Strength of Evidence Empirically Supported Treatments

download report

Transcript Strength of Evidence Empirically Supported Treatments

Strength of Evidence;
Empirically Supported
Treatments
The Evidence Pyramid for
Treatment Effectiveness Questions
Clinical Trials – Phases of
Development

Phase I: Researchers test a new drug or treatment in a small group of people for the
first time to evaluate its safety, determine a safe dosage range, and identify side
effects.

Phase II: The drug or treatment is given to a larger group of people to see if it is
effective and to further evaluate its safety.

Phase III: The drug or treatment is given to large groups of people to confirm its
effectiveness, monitor side effects, compare it to commonly used treatments, and
collect information that will allow the drug or treatment to be used safely.

Phase IV: Studies are done after the drug or treatment has been marketed to gather
information on the drug's effect in various populations and any side effects associated
with long-term use.
Strength of Evidence



Strength of research design: SR of
homogeneous studies at the highest level;
combines individual studies using a summary
metric
RCT strongest single research design capable of
demonstrating causation
Other key dimensions





Consistency of evidence
Specificity
Dose-response
Biological or psychological plausability
Common sense
RCT Example - NRT
RCT Example – Buproprion v.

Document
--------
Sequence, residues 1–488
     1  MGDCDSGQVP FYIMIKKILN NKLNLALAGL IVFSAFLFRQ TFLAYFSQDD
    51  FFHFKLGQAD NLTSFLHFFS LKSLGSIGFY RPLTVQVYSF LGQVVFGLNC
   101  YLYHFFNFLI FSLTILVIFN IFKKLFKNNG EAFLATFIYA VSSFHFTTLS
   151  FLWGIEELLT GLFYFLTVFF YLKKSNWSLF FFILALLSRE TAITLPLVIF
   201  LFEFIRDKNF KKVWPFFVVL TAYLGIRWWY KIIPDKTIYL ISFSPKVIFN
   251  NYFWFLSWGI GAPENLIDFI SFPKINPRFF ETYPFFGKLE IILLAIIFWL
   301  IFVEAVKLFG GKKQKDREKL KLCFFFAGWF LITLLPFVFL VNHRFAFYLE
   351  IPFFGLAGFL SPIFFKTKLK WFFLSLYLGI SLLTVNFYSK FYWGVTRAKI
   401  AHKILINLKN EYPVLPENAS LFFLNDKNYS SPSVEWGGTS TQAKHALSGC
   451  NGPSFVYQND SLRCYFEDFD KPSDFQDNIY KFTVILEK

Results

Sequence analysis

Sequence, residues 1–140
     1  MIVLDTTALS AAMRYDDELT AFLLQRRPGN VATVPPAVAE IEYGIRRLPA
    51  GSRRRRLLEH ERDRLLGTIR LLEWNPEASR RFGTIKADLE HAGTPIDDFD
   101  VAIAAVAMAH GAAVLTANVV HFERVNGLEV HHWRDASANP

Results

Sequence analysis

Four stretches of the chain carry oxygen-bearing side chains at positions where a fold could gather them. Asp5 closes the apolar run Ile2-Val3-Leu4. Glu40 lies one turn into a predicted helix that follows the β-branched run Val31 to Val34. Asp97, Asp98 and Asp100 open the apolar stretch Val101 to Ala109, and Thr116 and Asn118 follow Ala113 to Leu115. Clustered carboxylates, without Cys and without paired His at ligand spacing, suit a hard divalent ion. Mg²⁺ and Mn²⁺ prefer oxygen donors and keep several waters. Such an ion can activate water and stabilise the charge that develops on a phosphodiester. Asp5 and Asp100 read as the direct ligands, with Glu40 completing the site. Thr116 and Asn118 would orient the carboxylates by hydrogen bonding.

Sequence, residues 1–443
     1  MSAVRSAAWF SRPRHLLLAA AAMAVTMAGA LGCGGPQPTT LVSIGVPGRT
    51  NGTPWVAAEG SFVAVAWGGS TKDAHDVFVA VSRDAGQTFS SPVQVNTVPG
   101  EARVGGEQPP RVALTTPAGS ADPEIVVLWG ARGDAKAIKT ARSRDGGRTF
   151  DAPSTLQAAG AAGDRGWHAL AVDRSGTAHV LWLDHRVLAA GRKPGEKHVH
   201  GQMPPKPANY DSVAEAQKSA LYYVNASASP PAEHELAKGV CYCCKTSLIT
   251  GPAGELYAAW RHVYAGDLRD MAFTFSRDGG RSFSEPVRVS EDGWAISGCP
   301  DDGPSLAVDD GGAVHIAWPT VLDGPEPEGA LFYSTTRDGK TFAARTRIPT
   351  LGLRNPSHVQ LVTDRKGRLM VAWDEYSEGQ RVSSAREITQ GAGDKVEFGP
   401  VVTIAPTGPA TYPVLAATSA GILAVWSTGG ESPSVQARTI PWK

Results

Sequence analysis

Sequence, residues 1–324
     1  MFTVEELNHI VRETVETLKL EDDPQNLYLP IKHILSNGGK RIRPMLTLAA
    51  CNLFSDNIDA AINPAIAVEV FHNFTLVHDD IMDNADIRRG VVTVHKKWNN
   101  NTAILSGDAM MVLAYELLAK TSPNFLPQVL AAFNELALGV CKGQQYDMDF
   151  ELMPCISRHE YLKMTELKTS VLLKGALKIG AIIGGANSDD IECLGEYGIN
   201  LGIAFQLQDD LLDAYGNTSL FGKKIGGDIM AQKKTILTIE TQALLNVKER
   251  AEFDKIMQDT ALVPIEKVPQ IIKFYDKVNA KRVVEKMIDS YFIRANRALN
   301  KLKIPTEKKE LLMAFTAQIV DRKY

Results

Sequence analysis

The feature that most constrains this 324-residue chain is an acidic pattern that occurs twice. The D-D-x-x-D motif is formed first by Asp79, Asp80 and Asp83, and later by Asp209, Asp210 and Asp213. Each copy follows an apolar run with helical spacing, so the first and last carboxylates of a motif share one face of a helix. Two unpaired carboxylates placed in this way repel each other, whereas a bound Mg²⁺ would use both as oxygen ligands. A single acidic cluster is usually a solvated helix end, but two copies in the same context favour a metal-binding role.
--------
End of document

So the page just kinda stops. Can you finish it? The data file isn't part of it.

Placebo
Case Series and Case Reports
A group or series of case reports involving patients who were given similar
treatment. Reports of case series usually contain detailed information about
the individual patients. This includes demographic information (for example,
age, gender, ethnic origin) and information on diagnosis, treatment,
response to treatment, and follow-up after treatment.
Cohort Studies
Case Control Studies
The main advantages of case control studies are:
They can be done quickly. By asking patients about their past history, researchers can quickly discover
effects that otherwise would take many years to show themselves. Researchers don't need special
methods, control groups, etc. They just take the people who show up at their institution with a particular
condition and ask them a few questions. The first study to suggest a new medical conclusion will often be
a case control study, perhaps designed to check on a hypothesis suggested by a case series. If possible,
researchers will generally try to confirm the results with a randomized controlled trial or a cohort study.
Empirically Supported Treatments
in Psychology

Let’s take a look at the Division 12
website:

http://www.apa.org/divisions/div12/homepa
ge.html
Historical Aspects of EST


TASK FORCE ON PROMOTION AND DISSEMINATION OF
PSYCHOLOGICAL PROCEDURES A Report Adopted by the
Division 12 Board - October 1993
Categories of support:



I: supported by at least two RCT’s showing superiority to a palcebo or
other bonafide treatment
II: supported by at least one RCT showing superiority to a placebo or
other bonafide treatment, or some other reasonably well-controlled
situation
III: heterogeneous with low levels of evidence

Current state of website:
http://www.apa.org/divisions/div12/est/chamble2.pdf

Criticisms of EST
EST Criticisms





EST’s used inappropriately in managed care
Malpractice for failure to follow guidelines
Practice restriction/restraint of trade
EST data is flawed
RCTism



Manualization restricts generalization



Rejects qualitative approach
Favors CBT
Limits application to specific cases
Not the way it happens in real life
Limited effectiveness data (as opposed to efficacy)